Christmas in Japan

25 12 2011

Being in Japan has its perks.  One of them is that I get to celebrate Christmas a day earlier than I would living in the States.  Hooray for time zones!

According to MSNBC, “In Japan, children can snack on a traditional Japanese Christmas cake, a white sponge cake covered with cream and decorated with strawberries, while waiting for the arrival of the Santa-like Hotei-Osho.”

Hotei-Osho

Something tells me this guy's a bit of a perv.

I’ve lived in Japan 4 years now, and this is the first time I’ve heard of the Hotei-Osho guy.  I’m not buying it.  Now, Japanese people do love their Christmas cakes, and they are white sponge cakes with whipped cream and strawberries; but I think it’s more believable that Japanese kids go to sleep with visions of Col. Sanders creeping in their homes at night to live good little boys and girls buckets of chicken rather than this Hotei-Osho fellow.

In Japan, KFC dresses up the Colonial as Santa every year. This creates mass confusion with the kids.

In Japan, people call Santa Claus “Santa-san”.  It’s nice that the jolly old elf gets a little respect here.  Calling him Santa Claus does show a little bit of unwarranted familiarity, and familiarity does breed contempt.

It’s interesting to note that in Japan, December 25 is not a day of celebration.  That honor is reserved for the 24th, Christmas Eve.  Christmas Eve is the time you want to be with your family or girlfriend/ boyfriend.  It’s when presents are exchanged and the traditional Kentucky Fried Chicken is eaten.  What we in the West refer to as Christmas Day is just another day in the Land of the Rising Sun.  Stores are open, people work.  It’s quite bizarre to an American.

Merry Christmas, eat your chicken and get back to work.

In America, people ask you for your “Christmas list”.  Essentially, we give people a selection of ideas that might make good gifts for us, and they get to pick one, some, or none, in order to create the illusion of surprise.  In America, Christmas is all about the surprise.  What did Santa bring you?  What’s in the big box?  What’s my stocking filled with?  Notice all of those are questions… things that will be answered on The Big Day.  In Japan, when people ask what you want for Christmas, they’re not looking for vague suggestions or hints.  Don’t give anyone a list unless you want to create confusion.  No, in Japan if someone asks you what you want for Christmas, they expect a direct reply, and then if they approve they’ll get it for you.  If they don’t, you have to keep naming things until you hit on something appropriate.  Here’s an actual conversation I had this year:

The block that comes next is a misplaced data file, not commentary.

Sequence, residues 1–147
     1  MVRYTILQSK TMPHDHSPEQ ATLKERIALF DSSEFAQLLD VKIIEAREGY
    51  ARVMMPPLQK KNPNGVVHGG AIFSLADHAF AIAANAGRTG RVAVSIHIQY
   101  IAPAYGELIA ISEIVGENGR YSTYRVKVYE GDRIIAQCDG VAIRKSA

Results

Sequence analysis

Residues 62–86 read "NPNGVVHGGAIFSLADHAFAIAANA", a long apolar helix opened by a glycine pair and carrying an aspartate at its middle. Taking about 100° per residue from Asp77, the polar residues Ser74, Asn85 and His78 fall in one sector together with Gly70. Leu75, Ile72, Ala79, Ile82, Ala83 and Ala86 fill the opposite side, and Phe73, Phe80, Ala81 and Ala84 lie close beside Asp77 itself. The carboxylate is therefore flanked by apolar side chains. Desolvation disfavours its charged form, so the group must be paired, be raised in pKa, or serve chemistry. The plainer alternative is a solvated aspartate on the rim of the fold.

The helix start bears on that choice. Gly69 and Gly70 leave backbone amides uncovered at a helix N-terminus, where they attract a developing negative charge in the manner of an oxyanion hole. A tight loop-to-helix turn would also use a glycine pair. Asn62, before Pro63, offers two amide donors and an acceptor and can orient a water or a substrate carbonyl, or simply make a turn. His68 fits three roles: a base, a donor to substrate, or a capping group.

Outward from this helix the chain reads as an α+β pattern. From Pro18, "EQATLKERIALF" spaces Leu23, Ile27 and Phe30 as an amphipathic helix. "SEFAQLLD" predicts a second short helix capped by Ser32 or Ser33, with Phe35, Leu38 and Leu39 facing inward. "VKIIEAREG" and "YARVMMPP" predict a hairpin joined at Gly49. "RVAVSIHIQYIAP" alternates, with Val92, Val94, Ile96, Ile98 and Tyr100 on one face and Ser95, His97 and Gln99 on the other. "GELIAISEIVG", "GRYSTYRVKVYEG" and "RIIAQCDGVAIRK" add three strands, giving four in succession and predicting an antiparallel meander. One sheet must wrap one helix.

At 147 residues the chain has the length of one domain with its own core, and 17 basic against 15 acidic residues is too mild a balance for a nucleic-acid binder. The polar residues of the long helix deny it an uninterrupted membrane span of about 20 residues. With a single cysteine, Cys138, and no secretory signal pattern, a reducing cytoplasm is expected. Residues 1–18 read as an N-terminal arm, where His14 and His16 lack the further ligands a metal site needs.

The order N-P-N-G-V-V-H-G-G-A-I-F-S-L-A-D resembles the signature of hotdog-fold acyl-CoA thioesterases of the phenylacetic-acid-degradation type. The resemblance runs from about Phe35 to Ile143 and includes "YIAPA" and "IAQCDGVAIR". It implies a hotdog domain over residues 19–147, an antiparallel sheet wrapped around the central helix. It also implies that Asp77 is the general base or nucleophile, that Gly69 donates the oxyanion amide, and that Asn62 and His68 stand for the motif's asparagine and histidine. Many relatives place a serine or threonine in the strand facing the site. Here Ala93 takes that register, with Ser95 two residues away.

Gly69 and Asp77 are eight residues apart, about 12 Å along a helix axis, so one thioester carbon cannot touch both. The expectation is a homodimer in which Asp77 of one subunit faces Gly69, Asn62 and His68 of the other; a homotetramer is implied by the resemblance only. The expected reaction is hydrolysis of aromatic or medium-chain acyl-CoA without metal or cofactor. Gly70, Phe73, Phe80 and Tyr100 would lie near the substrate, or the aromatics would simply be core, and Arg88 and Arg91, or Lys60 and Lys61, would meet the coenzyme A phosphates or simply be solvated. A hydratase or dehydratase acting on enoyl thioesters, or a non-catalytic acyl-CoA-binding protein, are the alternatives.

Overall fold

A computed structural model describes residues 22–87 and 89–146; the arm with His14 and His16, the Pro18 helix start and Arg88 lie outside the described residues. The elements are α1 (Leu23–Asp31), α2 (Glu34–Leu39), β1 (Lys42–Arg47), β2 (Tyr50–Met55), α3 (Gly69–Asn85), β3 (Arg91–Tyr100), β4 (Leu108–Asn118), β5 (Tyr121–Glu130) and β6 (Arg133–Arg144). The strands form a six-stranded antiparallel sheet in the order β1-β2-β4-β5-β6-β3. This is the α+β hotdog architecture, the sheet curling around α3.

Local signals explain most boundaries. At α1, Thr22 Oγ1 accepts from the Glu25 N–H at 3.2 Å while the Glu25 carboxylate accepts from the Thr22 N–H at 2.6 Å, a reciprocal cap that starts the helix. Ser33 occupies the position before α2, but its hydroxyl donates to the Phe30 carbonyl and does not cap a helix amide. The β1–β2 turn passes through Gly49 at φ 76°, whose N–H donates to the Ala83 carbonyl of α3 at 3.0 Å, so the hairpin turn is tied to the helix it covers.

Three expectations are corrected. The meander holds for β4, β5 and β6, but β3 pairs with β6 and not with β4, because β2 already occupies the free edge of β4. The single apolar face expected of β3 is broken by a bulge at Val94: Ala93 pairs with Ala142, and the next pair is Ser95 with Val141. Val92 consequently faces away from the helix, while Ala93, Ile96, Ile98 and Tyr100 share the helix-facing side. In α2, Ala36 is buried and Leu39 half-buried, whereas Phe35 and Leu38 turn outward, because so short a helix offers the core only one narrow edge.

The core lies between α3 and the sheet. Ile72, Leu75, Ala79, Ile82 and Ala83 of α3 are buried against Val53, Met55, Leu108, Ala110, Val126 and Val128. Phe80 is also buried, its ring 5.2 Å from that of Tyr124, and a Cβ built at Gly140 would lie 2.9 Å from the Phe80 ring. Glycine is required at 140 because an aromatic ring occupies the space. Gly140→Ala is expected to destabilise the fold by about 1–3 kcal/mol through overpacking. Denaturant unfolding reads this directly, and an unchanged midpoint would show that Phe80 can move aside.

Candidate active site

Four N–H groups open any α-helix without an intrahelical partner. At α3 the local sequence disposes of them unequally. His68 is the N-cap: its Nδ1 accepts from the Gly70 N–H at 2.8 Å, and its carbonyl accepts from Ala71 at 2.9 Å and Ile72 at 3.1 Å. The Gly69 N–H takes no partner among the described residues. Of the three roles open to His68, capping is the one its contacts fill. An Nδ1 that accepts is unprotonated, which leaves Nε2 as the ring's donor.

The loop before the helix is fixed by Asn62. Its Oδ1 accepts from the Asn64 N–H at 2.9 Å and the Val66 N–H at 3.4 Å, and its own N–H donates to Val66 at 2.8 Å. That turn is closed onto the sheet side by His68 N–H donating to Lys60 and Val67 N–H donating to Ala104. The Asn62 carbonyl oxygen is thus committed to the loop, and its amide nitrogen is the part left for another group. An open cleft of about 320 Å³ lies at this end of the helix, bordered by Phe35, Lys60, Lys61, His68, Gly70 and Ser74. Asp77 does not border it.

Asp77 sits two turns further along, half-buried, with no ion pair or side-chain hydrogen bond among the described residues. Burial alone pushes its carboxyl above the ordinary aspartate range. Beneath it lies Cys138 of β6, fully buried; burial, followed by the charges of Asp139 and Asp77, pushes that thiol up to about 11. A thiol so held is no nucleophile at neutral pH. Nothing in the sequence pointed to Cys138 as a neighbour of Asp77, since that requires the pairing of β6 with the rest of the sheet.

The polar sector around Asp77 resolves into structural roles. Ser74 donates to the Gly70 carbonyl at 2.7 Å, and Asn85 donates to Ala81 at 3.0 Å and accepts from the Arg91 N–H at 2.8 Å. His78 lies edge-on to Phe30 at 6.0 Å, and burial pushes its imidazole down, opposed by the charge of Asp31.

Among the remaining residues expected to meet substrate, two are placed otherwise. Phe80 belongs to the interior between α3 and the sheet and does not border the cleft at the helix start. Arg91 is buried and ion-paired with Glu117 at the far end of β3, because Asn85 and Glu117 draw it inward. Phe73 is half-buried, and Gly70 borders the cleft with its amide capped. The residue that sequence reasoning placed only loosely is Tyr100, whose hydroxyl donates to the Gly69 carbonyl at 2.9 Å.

Her: What do you want for Christmas?

Me: A PlayStation Vita would be nice.

Her: That’s too expensive.

Me: Well, I said before I wanted a Wii…

Her: That’s too expensive, too.  You always ask for video games.  How about something different?

Me: Well, I like video games.  And everything else I need is way to expensive.  A new film camera cost more than one million yen.

Her: You’re making this difficult, what do you want for Christmas?

Me: Mario Kart 7.

Her: I said no video games.

Me: What about the list I gave you?

Her: It said “PlayStation Vita, Nintendo Wii (Black), Mario Kart 7, and Face Cream.”

Me: Well, that’s what I want for Christmas.  There are more archaic things I could have put on there; but you wouldn’t know what I was talking about.

Her: Hum…

What a surprise!


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3 responses

25 12 2011
alysesjapan

I was glad to find your blog so I went ahead and followed! 😀 Glad you had a good Christmas!! 😀 And I haven’t heard of Hotei-Osho either. xD

I didn’t realize the world didn’t stop for Christmas like it does here. That will take some getting used to for me, haha! 😛 I will have to try to carry on like normal for Christmas these next few years.

LOL!

25 12 2011
James Bacon

This is funny and culturally relevant in the best of ways. Merry Christmas, Charlie. 🙂

28 12 2011
HCK

@alysesjapan: Thank you so much for following me! I hope you have a positive experience in Japan. There can be a little culture shock at first, so hang in there! Also, the dollar is super-low right now, be prepared for a little sticker shock when shopping.

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